You know how there are some people who complain constantly, and others who are content, even excited about life? Why is that? We all experience obstacles and challenges. Why do some of us take it in stride while others let it ruin their day?
You might have heard, “Boys will be boys.” While this sentiment may be common, it does not reflect the very real dangers that impact our young men, their families, and our communities. Beginning in high school, and sometimes even earlier, young adults compel one another to try new experiences, including illegal drugs and alcohol.
When we imagined what it would be like to be a parent, substance abuse was not in our minds. It is not something you can prepare for, but once it has impacted your family, things will never be the same. How does having a loved one with substance abuse issues impact the family?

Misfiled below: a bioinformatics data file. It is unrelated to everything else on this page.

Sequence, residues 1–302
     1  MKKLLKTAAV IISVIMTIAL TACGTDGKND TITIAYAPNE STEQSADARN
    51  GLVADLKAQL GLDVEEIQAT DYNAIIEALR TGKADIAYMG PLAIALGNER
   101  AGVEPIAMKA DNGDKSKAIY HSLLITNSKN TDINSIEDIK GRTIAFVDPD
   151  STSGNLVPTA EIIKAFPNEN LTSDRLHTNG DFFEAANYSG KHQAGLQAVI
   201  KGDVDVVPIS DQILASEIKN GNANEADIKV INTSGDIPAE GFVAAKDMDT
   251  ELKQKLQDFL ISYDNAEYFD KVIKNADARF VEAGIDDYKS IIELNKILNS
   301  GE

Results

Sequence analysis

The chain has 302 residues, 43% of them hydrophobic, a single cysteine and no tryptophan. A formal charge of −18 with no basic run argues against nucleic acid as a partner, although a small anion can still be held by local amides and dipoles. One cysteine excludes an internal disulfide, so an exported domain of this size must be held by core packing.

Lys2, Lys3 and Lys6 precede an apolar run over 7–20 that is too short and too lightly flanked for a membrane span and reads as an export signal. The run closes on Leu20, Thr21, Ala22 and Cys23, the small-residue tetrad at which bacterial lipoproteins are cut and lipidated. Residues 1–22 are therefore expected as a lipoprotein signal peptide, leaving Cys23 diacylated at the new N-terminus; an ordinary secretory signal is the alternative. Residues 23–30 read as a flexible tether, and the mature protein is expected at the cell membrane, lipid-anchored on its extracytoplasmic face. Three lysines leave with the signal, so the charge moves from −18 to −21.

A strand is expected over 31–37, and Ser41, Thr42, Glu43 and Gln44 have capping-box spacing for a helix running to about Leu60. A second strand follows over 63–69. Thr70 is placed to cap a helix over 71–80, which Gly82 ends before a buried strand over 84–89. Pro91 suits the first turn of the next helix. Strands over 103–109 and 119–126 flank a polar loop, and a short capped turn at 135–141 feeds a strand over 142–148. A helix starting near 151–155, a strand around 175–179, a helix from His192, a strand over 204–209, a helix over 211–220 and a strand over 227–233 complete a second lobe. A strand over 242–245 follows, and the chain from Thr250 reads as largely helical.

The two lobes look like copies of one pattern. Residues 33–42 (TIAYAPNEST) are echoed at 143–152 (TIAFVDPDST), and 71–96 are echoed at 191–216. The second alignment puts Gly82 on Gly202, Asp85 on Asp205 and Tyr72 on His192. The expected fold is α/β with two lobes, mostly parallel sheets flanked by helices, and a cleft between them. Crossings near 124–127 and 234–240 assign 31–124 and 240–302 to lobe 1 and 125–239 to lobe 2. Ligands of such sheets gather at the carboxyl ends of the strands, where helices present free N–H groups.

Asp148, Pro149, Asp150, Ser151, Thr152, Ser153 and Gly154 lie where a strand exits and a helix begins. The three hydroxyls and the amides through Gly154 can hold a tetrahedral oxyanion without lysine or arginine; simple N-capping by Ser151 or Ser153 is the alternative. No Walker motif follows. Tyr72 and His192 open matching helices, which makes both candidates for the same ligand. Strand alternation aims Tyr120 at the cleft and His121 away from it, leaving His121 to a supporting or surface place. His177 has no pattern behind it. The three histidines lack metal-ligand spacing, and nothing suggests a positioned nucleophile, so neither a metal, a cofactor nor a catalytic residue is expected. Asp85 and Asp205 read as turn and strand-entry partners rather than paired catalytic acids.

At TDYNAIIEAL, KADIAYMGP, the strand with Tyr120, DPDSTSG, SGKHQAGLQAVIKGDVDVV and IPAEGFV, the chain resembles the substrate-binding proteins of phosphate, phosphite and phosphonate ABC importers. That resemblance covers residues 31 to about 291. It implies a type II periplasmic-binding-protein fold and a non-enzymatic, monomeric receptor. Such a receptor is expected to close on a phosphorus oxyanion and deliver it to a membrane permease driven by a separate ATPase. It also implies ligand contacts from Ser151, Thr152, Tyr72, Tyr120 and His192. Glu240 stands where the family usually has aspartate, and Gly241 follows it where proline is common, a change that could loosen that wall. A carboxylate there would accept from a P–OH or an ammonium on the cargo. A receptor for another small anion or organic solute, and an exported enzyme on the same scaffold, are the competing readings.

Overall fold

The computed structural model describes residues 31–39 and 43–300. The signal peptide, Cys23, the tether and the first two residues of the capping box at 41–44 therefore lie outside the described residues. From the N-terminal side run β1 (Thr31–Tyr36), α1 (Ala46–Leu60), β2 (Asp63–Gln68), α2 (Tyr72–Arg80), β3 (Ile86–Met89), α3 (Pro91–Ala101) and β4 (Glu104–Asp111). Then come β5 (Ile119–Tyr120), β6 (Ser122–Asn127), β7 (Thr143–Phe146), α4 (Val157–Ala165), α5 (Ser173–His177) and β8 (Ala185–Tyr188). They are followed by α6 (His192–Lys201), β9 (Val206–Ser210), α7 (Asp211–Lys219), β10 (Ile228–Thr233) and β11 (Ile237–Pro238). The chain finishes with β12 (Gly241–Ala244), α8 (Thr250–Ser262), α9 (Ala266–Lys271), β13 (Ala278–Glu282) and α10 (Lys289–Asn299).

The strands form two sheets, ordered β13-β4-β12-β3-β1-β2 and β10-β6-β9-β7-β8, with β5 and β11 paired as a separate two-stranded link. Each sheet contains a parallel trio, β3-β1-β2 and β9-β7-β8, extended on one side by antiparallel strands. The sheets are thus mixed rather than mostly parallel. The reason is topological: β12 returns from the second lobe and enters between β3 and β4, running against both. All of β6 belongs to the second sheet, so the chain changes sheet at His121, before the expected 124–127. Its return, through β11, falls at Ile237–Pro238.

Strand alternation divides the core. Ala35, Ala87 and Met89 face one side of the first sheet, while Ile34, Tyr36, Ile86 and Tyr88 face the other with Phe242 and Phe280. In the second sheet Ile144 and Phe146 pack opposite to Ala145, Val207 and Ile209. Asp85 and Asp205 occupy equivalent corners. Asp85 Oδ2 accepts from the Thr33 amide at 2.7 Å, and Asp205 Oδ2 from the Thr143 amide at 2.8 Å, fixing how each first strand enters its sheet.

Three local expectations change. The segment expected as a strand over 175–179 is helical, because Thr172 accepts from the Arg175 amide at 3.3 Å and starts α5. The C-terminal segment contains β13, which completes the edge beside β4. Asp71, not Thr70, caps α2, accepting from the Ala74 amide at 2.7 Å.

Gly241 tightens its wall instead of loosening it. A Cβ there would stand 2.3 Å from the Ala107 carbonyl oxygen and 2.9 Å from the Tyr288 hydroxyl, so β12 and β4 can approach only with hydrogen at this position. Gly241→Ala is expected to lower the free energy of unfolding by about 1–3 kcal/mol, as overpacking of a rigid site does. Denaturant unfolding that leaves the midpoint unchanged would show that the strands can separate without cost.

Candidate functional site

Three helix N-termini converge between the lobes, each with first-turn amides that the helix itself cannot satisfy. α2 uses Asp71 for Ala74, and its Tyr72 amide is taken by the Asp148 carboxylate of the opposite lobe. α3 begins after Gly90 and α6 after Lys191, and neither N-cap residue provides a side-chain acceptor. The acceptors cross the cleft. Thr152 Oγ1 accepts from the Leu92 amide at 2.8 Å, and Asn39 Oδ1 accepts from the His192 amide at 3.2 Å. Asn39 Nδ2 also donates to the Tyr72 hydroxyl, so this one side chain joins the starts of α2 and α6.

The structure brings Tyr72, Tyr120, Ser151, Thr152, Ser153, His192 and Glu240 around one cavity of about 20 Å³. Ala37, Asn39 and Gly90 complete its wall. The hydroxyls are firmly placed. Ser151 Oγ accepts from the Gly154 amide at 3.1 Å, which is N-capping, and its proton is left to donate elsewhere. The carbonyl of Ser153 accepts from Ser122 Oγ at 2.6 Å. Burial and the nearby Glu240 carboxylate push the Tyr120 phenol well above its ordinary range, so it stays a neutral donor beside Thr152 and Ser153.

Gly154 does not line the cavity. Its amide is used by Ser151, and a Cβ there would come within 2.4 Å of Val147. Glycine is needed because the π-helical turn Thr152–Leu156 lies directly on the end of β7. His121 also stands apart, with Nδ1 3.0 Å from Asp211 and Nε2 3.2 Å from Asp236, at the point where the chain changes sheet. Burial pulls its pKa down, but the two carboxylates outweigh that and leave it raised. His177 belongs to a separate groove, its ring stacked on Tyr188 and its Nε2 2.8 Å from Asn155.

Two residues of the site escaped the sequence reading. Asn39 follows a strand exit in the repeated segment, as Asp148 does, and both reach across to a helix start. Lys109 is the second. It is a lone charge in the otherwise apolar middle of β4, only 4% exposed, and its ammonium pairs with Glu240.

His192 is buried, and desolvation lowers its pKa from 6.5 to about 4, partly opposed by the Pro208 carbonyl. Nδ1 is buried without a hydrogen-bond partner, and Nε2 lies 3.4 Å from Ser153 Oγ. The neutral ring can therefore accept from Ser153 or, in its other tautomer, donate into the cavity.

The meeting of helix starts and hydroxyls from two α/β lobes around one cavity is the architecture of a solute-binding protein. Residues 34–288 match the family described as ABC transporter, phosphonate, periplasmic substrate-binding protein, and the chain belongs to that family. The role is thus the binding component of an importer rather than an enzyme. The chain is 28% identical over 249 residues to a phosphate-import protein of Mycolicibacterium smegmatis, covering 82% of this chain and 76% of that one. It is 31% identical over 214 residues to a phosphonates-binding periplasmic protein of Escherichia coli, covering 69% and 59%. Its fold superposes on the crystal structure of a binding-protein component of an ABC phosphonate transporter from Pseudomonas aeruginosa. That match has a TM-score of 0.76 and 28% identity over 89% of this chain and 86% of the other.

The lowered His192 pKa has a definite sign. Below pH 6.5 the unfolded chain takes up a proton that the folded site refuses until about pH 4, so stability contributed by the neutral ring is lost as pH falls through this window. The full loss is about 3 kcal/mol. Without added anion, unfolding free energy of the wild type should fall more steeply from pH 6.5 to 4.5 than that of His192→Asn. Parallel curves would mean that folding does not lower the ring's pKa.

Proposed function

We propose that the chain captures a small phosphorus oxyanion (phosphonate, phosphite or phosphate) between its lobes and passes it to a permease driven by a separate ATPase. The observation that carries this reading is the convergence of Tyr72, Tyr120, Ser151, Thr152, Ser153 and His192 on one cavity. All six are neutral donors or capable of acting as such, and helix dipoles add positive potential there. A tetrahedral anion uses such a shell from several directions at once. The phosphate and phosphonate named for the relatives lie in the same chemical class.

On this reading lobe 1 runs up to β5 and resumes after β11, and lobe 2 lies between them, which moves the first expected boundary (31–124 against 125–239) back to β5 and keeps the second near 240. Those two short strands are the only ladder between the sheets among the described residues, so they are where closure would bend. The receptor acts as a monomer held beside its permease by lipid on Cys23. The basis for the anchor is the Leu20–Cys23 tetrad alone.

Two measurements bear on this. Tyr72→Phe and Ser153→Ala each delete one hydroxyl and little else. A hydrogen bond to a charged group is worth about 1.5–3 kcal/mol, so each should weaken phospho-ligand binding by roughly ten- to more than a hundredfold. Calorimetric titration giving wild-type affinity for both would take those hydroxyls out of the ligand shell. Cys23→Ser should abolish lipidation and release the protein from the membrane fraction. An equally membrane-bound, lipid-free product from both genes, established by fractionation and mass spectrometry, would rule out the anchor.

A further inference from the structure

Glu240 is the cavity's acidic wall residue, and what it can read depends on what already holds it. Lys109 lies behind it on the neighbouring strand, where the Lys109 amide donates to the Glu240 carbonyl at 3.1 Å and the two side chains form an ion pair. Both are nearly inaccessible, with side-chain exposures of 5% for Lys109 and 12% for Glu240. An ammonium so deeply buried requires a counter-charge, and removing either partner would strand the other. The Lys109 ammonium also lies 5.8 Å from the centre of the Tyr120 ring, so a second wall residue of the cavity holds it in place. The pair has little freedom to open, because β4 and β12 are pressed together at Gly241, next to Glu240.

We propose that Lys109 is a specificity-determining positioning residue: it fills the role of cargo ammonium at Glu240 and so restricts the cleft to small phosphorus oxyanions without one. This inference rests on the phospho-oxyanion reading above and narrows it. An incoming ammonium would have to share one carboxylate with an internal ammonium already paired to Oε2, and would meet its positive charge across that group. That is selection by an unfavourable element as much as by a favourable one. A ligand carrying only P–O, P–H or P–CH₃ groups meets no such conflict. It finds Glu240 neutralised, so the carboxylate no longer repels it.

In dysfunctional relationships, people live in reaction mode, responding to each other’s attitudes, behavior, and actions instead of being guided by their own perspectives. When applied to substance abuse in the family, this tendency is called codependency: when individuals “share the responsibility for the unhealthy behavior, primarily by focusing their lives on the sick or bad behavior and by making their own self-esteem and well-being contingent on the behavior of the unhealthy family member.” Dupont and McGovern (1991).
Despite its long-standing reputation as a highly-addictive drug, millions of Americans from every socio-economic layer have now become acquainted with the deadly effects of heroin. Because heroin use is so widespread, it is important that we become familiar with its signs, and understand how to proceed if we should encounter it. Here are the essential facts: